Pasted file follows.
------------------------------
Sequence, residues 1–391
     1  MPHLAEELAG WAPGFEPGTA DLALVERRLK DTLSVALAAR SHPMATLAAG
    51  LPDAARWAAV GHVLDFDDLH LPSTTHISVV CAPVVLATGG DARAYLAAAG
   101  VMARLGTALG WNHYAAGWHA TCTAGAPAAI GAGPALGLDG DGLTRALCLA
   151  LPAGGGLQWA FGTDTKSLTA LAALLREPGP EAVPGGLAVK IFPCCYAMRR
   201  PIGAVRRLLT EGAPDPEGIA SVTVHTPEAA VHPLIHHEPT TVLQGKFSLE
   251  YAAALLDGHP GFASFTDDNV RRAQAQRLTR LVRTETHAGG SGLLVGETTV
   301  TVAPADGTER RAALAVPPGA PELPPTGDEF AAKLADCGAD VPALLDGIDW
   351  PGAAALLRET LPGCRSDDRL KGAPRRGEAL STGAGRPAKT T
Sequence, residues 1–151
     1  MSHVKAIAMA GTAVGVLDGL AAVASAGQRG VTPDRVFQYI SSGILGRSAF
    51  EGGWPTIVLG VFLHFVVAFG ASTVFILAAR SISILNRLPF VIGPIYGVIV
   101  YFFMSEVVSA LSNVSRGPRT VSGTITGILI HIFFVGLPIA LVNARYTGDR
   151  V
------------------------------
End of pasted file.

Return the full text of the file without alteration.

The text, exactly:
Sequence, residues 1–391
     1  MPHLAEELAG WAPGFEPGTA DLALVERRLK DTLSVALAAR SHPMATLAAG
    51  LPDAARWAAV GHVLDFDDLH LPSTTHISVV CAPVVLATGG DARAYLAAAG
   101  VMARLGTALG WNHYAAGWHA TCTAGAPAAI GAGPALGLDG DGLTRALCLA
   151  LPAGGGLQWA FGTDTKSLTA LAALLREPGP EAVPGGLAVK IFPCCYAMRR
   201  PIGAVRRLLT EGAPDPEGIA SVTVHTPEAA VHPLIHHEPT TVLQGKFSLE
   251  YAAALLDGHP GFASFTDDNV RRAQAQRLTR LVRTETHAGG SGLLVGETTV
   301  TVAPADGTER RAALAVPPGA PELPPTGDEF AAKLADCGAD VPALLDGIDW
   351  PGAAALLRET LPGCRSDDRL KGAPRRGEAL STGAGRPAKT T
Sequence, residues 1–151
     1  MSHVKAIAMA GTAVGVLDGL AAVASAGQRG VTPDRVFQYI SSGILGRSAF
    51  EGGWPTIVLG VFLHFVVAFG ASTVFILAAR SISILNRLPF VIGPIYGVIV
   101  YFFMSEVVSA LSNVSRGPRT VSGTITGILI HIFFVGLPIA LVNARYTGDR
   151  V